Photo by USFWS/Ryan Hagarty (via Flickr)

Modernizing Pittman-Robertson to Address Decrease in Hunting Population

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Fifteen percent of state conservation funding is provided by a little known tax, the burden of which is predominantly shouldered by the steadily vanishing hunter.

Signed into law by President Franklin D. Roosevelt, the Federal Aid in Wildlife Restoration Act of 1937 has become an integral aspect of conservation in the U.S. Better known as the Pittman-Robertson Act (P-R), this legislation imposes an excise tax on firearms, ammunition, and archery equipment — money that is then distributed to the states, who must spend their allotted sum on the management of wildlife and habitat, research, surveys, or the acquisition or leasing of land.

P-R has played a major role in the recovery of whitetail deer, wood ducks, and wild turkeys.

P-R has played a major role in the recovery of whitetail deer, wood ducks, and wild turkeys. Also, lands acquired under the act have helped expand the ranges of both elk and black bears.

Over the years, P-R has been amended multiple times, and Congress is currently working on another update to the law.

On September 12, the U.S. House of Representatives passed H.R. 2591, the Modernizing the Pittman-Robertson Fund for Tomorrow’s Needs Act of 2017. It was introduced by Congressional Sportsmen’s Caucus (CSC) Vice-Chair Rep. Austin Scott (Georgia), along with fellow CSC leaders Reps. Jeff Duncan (South Carolina), Gene Green (Texas) and Marc Veasey (Texas). The proposed amendment would increase flexibility for state wildlife agencies by allowing the use of P-R funds to be used for the recruitment of hunters and recreational shooters.



The decreasing number of hunters — a group that, according to the U.S. Census Bureau, declined from 13.7 million in 2011 to 11.5 million in 2016, due in large part to the massive number of baby boomers who hunt — has led to increased uncertainty about the ability to maintain adequate funding levels for conservation in the U.S. However, this update to P-R would help ensure not only continued support for conservation but also the preservation of an imperiled pastime.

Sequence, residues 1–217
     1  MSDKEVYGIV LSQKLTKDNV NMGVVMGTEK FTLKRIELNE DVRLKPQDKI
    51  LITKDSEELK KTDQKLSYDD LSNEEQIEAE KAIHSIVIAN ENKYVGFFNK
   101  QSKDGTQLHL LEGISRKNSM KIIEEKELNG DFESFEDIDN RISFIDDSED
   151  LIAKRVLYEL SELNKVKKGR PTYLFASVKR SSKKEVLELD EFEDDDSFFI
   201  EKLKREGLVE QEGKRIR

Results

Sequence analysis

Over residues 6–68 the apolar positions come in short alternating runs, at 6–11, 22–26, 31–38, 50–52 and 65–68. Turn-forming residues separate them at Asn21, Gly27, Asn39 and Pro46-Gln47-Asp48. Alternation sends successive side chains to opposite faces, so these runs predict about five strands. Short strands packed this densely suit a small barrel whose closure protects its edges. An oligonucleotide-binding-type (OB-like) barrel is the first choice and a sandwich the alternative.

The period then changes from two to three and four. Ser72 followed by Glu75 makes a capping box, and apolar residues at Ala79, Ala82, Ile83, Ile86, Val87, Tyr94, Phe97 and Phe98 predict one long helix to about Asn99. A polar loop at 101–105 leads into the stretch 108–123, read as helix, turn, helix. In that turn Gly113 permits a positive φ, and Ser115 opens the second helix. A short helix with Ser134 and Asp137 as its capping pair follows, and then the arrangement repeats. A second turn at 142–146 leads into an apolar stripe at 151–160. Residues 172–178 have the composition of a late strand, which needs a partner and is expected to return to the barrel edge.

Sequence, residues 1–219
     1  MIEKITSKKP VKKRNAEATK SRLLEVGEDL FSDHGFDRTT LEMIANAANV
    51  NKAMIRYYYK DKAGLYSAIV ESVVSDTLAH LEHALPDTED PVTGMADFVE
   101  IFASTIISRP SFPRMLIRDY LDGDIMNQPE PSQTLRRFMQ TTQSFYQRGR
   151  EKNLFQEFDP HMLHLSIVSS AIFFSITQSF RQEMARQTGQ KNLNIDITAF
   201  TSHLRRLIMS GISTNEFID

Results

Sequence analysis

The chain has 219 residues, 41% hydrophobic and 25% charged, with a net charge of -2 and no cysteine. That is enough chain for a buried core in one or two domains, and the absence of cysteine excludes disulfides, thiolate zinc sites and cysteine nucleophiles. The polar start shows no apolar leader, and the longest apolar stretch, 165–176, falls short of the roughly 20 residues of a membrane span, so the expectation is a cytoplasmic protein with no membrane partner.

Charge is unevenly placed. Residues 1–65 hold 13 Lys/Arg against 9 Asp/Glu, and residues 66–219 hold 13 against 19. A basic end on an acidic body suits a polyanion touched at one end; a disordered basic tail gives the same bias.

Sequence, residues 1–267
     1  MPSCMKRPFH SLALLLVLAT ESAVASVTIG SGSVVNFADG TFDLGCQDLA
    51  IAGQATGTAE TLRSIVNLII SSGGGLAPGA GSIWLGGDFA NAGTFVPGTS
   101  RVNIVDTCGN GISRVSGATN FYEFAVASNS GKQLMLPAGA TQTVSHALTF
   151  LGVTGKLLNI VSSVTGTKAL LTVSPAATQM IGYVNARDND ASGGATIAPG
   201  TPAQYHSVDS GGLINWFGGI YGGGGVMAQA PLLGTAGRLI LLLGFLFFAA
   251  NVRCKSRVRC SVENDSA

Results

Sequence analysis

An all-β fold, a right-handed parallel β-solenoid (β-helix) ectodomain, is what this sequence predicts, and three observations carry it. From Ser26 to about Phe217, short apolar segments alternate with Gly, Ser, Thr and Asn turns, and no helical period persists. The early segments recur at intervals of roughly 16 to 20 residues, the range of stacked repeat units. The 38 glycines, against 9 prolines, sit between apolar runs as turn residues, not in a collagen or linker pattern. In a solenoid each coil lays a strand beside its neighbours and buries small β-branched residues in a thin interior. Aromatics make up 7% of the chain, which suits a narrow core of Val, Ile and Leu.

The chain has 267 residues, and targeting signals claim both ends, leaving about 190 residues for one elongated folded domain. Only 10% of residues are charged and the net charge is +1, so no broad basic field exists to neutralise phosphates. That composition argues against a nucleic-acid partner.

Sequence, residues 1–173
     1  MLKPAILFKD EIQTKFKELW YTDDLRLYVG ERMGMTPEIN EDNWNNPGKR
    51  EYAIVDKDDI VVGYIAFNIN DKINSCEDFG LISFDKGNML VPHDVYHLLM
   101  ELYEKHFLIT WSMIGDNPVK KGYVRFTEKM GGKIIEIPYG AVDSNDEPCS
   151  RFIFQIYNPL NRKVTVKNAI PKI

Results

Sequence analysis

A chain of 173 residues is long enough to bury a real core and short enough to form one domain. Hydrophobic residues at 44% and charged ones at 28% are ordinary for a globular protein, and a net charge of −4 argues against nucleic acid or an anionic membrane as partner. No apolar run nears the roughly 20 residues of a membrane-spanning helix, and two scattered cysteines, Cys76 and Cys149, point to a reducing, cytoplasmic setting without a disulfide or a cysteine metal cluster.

“With a national decline in outdoor recreational activities, Pittman-Robertson funds are shrinking and our state and local habitats are suffering, which is why I have been fighting to give states more flexibility in how they [can] use their P-R funds and hopefully attract more Americans to the outdoors in the process,” said Scott.

This update to P-R would help ensure not only continued support for conservation but also the preservation of an imperiled pastime.

Without instituting new taxes or fees, H.R. 2591 would expand the Multi-state Conservation Grants Program by providing an additional $5 million annually from archery-related excise taxes. However, the legislation would place a cap on the amount of funds that can be spent on hunter and recreational shooter recruitment to ensure that wildlife conservation remains the primary focus of the act.

“Recruitment and retention of new hunters means more dollars in the Pittman-Robertson fund, which directly benefits state-based conservation efforts across the United States. [The Congressional Sportsmen’s Foundation] will continue to work closely with CSC leadership in order to bring this important legislation to the president’s desk,” said Jeff Crane President of CSF, a nonprofit whose mission is to work with Congress, governors, and state legislatures to protect and advance hunting, angling, recreational shooting and trapping.

The Senate companion bill, S. 1613 — which is sponsored by all four CSC Senate leaders, Sens. Jim Risch (Idaho), Joe Manchin (West Virginia), Deb Fischer (Nebraska) and Heidi Heitkamp (North Dakota) — awaits a hearing with the Environment and Public Works Committee.

With a focus on the future, this evolution of P-R reinforces the importance not only of hunting in the North American Model of Conservation but also of sharing the tradition with others.

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Michael Vollman
Michael Vollman is a creative professional whose passion for hunting, fishing and hiking lands him in the outdoors regularly, but — he would argue — not nearly enough. Although he wasn’t born an outdoorsman, the occasional camping trip with the family, summer vacations to the Great Smoky Mountains and a hunting trip or two with dad were enough to instill in him a call to the out-of-doors. This calling has led to his interest in and desire to not only spend time in the wild but also do what he can to protect it.

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